If you’ve ever found it difficult to get through a challenging task at work, studied for an important exam, or spent time on a finicky project, you might have wished you could increase your ability to concentrate.
Concentration refers to the mental effort you direct toward whatever you’re working on or learning at the moment. It’s sometimes confused with attention span, but attention span refers to the length of time you can concentrate on something.
1. Train your brain
Playing certain types of games can help you get better at concentrating. Try:
- crossword puzzles
- jigsaw puzzles
- word searches or scrambles
- memory games
Brain training games can also help you develop your working and short-term memory, as well as your processing and problem-solving skills.
2. Improve sleep
Sleep deprivation can easily disrupt concentration, not to mention other cognitive functions, such as memory and attention.
Occasional sleep deprivation may not cause too many problems for you. But regularly failing to get a good night’s sleep can affect your mood and performance at work.
Being too tired can even slow down your reflexes and affect your ability to drive or do other daily tasks.
A demanding schedule, health issues, and other factors sometimes make it difficult to get enough sleep. But it’s important to try and get as close to the recommended amount as possible on most nights.
Many experts recommend adults aim for 7 to 8 hours of sleep each night.
Improving the sleep you do get can also have benefit. A few quick tips:
- Turn off the TV and put away screens an hour before bed.
- Keep your room at a comfortable but cool temperature.
- Wind down before bed with soft music, a warm bath, or a book.
- Go to bed and get up around the same time each day, even on weekends.
- Exercise regularly, but try to avoid a heavy workout just before bed.
You can find more tips on healthy sleep habits here.
3. Make time for exercise
Increased concentration is among the many benefits of regular exercise. Exercise benefits everyone. A 2018 study looking at 116 fifth-graders found evidence to suggest daily physical activity could help improve both concentration and attention after just 4 weeks. Other research looking at older adults suggests just a year of moderate aerobic physical activity can help stop or even reverse memory loss that occurs with brain atrophy related to age.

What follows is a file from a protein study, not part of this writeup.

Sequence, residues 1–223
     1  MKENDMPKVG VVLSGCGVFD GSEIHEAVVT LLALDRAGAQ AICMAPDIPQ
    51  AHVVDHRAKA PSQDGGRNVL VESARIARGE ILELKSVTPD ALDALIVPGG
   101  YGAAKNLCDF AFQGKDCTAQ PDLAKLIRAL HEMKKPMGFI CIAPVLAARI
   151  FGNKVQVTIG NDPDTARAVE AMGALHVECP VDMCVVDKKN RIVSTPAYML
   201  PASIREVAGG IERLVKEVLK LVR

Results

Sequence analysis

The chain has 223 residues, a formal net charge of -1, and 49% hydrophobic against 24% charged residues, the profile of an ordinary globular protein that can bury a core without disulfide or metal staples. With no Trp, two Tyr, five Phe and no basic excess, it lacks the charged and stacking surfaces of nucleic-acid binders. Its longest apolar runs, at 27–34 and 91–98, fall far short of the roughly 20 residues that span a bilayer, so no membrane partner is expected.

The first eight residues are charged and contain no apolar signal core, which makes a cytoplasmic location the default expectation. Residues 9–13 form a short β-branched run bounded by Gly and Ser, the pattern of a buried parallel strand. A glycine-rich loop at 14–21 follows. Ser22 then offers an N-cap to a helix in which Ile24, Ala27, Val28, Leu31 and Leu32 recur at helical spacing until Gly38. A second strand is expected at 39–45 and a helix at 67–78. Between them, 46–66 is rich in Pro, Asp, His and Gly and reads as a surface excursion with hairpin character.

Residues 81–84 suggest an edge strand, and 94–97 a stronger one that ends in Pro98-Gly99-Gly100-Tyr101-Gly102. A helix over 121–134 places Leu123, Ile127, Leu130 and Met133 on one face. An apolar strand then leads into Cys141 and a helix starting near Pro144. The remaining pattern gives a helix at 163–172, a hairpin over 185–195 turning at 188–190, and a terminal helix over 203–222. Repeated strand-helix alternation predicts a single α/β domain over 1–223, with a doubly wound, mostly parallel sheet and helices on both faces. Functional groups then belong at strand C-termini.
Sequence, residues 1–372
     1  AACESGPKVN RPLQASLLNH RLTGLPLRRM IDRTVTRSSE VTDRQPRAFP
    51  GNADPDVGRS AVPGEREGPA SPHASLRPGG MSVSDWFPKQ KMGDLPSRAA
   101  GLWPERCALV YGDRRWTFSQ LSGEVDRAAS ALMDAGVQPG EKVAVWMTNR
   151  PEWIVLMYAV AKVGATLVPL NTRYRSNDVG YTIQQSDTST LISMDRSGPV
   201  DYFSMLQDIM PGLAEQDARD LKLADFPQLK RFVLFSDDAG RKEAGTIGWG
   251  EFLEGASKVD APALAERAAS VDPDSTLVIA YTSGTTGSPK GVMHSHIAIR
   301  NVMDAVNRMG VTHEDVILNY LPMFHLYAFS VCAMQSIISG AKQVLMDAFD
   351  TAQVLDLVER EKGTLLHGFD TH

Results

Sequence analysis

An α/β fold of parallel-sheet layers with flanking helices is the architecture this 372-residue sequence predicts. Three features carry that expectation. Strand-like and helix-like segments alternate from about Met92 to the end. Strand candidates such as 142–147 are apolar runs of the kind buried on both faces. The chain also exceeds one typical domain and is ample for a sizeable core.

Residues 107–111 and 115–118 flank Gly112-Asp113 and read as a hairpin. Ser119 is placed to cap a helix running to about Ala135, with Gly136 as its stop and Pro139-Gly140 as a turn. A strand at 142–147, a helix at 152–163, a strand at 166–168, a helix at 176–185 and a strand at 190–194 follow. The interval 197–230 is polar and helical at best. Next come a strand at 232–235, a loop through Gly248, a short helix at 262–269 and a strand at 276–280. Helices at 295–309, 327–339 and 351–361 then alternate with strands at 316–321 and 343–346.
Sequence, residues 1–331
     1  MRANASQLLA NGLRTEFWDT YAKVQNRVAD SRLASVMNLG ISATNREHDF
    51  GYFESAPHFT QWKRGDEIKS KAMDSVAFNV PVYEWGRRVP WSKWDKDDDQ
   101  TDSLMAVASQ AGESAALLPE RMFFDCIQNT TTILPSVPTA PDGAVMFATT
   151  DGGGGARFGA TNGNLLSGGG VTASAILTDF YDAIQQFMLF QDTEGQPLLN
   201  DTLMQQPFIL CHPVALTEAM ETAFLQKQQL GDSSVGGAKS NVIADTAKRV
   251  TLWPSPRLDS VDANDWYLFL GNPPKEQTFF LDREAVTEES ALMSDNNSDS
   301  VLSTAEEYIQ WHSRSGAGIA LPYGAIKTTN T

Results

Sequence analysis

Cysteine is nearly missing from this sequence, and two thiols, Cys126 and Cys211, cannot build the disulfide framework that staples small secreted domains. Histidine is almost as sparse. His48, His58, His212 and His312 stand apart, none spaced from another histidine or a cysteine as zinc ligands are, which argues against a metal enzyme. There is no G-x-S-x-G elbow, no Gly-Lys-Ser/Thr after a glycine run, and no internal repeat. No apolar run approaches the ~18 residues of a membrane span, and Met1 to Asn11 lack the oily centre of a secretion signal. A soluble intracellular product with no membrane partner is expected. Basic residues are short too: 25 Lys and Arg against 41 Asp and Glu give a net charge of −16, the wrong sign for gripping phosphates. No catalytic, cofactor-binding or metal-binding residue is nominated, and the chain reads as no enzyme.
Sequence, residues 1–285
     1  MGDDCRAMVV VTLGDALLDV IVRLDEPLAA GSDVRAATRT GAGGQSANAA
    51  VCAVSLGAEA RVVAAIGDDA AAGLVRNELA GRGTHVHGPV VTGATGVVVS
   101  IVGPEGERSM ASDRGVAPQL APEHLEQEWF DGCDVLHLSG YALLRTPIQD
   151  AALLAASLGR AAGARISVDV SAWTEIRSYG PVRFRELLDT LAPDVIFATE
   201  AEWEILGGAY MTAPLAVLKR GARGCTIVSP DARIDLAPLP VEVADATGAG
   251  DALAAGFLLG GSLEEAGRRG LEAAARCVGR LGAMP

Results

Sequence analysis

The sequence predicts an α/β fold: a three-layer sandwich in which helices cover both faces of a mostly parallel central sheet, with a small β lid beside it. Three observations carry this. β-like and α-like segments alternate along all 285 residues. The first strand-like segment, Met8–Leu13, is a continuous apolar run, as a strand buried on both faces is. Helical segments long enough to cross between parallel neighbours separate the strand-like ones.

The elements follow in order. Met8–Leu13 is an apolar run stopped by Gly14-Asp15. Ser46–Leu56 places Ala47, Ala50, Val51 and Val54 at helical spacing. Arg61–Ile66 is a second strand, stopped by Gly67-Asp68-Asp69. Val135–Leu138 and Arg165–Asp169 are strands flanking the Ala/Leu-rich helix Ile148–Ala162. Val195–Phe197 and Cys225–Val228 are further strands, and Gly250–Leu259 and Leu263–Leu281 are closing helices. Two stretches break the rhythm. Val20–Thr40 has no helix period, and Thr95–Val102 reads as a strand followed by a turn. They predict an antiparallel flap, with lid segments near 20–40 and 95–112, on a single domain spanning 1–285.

4. Give meditation a try
Meditation and mindfulness practices can offer multiple benefits. Improved concentration is only one of these.
A 2011 review of 23 studies found evidence to suggest mindfulness training that emphasizes attention focus could help increase attention and focus. Mindfulness can also improve memory and other cognitive abilities.
Meditation doesn’t just mean sitting silently with your eyes closed. Yoga, deep breathing, and many other activities can help you meditate.
If you’ve tried meditation and it hasn’t worked for you, or if you’ve never meditated before, this list can give you some ideas for how to get started.
5. Vary your diet
The foods you eat can affect cognitive functions like concentration and memory. Avoiding processed foods, too much sugar, and very greasy or fatty foods. To boost concentration, try eating more of the following:
- fatty fish (think salmon and trout)
- eggs (white and yolk both)
You can find more brain foods on this list.
Staying hydrated can also have a positive impact on concentration. Even mild dehydration can make it harder to focus or remember information.
Eating breakfast can help by boosting your focus first thing in the morning. Aim for a meal that’s low in added sugars and high in protein and fiber. Oatmeal, plain yogurt with fruit, or whole-grain toast with eggs are all good breakfast choices.
6. Drink caffeine
There’s no need to include caffeine in your diet if you prefer to avoid it, but research does suggest caffeine can benefit your attention and focus.
If you feel your concentration starting to drop, consider a cup of coffee or green tea. A serving of dark chocolate — 70 percent cacao or higher — can have similar benefits, if you don’t enjoy caffeinated beverages.
A 2017 study found evidence to suggest phytochemicals naturally found in matcha, a type of green tea, not only improve cognitive function but can help promote relaxation. So matcha may be a good option if coffee tends to make you feel jittery or on edge.